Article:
The Elephant in the Room

The Australian managing Director of Rio Tinto, David Peever says that the Fair Work Act is the elephant in the room when it comes to the productivity debate in Australia.

Heather Ridout, who used to be the head of the Australian Industry Group and is now on the Reseve Bank board said on a recent Q & A programme that the “Fair Work Act gives 120 new rights to unions and nothing to employers”. On the same programme,  Judith Sloan, an economist and commentator suggested that it was ironic that the Act assumes that the right of unions is paramount when it comes to work place contracts but only 13% of the private work sector belong to unions.

Calls by industry leaders for a more flexible, productive and fair work place relations system are becoming more strident.

Perhaps the Government has heard the calls.  There are amendments proposed to the Fair Work Act involving an overhaul of the costs provisions.  Under the proposed changes, Fair Work Australia will have new powers to make cost orders against Applicants who bring “unreasonable claims”.

At the moment, it is most unlikely that, if an applicant fails in Fair Work Australia, he or she will have to pay the employer’s costs.  This is because the employer must make application for costs swiftly and, more importantly, must demonstrate that the applicant’s proceedings were manifestly untenable or brought vexatiously.

It is understood that, under the costs regime proposed, an employer will be able to recover its costs if the applicant’s claim is unreasonable.  This is still not the way things work in other litigation concerning breach of contract or statutory obligation, where costs  follow the event unless the circumstances are exceptional.

The commentators suggest that the proposed changes to the costs regime will provide some relief for small business.  It is hoped that it will enable litigation in Fair Work Australia to be conducted more efficiently and drive early resolution.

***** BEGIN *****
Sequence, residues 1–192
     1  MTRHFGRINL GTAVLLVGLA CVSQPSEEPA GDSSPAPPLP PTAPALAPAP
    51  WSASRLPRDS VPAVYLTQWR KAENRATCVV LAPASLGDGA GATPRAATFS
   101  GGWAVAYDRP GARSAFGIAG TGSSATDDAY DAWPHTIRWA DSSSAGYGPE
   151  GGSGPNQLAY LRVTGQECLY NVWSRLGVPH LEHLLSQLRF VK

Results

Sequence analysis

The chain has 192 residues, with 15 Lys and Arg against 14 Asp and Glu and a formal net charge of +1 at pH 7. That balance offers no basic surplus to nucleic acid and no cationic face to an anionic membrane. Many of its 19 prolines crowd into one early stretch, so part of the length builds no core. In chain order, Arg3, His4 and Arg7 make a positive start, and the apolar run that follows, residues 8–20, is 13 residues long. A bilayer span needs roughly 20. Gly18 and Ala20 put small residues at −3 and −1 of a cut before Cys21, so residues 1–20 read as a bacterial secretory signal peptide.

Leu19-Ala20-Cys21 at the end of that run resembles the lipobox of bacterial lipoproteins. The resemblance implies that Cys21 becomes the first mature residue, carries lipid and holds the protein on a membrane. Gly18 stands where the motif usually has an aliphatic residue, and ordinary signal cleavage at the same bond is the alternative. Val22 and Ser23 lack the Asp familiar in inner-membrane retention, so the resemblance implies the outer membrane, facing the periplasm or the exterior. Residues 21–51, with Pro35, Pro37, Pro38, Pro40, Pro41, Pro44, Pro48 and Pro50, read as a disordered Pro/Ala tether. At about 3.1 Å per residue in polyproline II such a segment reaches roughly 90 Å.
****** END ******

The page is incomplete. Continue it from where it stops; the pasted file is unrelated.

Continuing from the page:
Costs aside, the best way for a small business to protect itself from unmeritorious claims is to implement fair and compliant dismissal processes.  The employment team at Everingham Solomons can help with dismissal issues because at Everingham Solomons Helping You is Our Business.

Click here for more information on Mark Johnson.

The Employment Contract Checklist

jmhMany employers use employment contracts that are out-dated, or may not have employment contracts for their staff at all. Are the employment contracts your business uses up to scratch?

Employers need to ensure their employment contracts comply with the current legal requirements. This means contracts need to be compliant with the National Employment Standards and the applicable Modern Award.

The National Employment Standards provide for minimum entitlements, such as hours of work, leave entitlements, flexible working arrangements and more.

For example, Business Pty Ltd is employing a new full-time administrative assistant. All Business Pty Ltd’s full-time staff work a 40 hour week. Business Pty Ltd has been using the same style employment contract since 2003. The employment contract states that the new administrative assistant must work 40 hours per week, and anything more than that is considered overtime.

Business Pty Ltd hasn’t realised that the National Employment Standards provide that full-time employees are to work a maximum of 38 hours per week. While an extra 2 hours work per week will likely be considered to be ‘reasonable additional hours’ which the employer may reasonably ask the employee to work, the appropriate award overtime provisions will apply to those 2 hours.

For example, if the new administrative assistant will be covered by the Clerks – Private Sector Award, then he or she will need to be paid time and a half for those extra 2 hours of work every week.

Business Pty Ltd needs to ensure that their employment contract is amended to meet these minimum requirements.

So, are the employment contracts your business uses up to scratch?

The Employment Law team at Everingham Solomons is well equipped to assist you with all your workplace relations issues from contracts of employment and policy updates to termination of employees, redundancy correspondence and warning letters because Helping You is Our Business.

Click here for more information on Jessica Simmonds.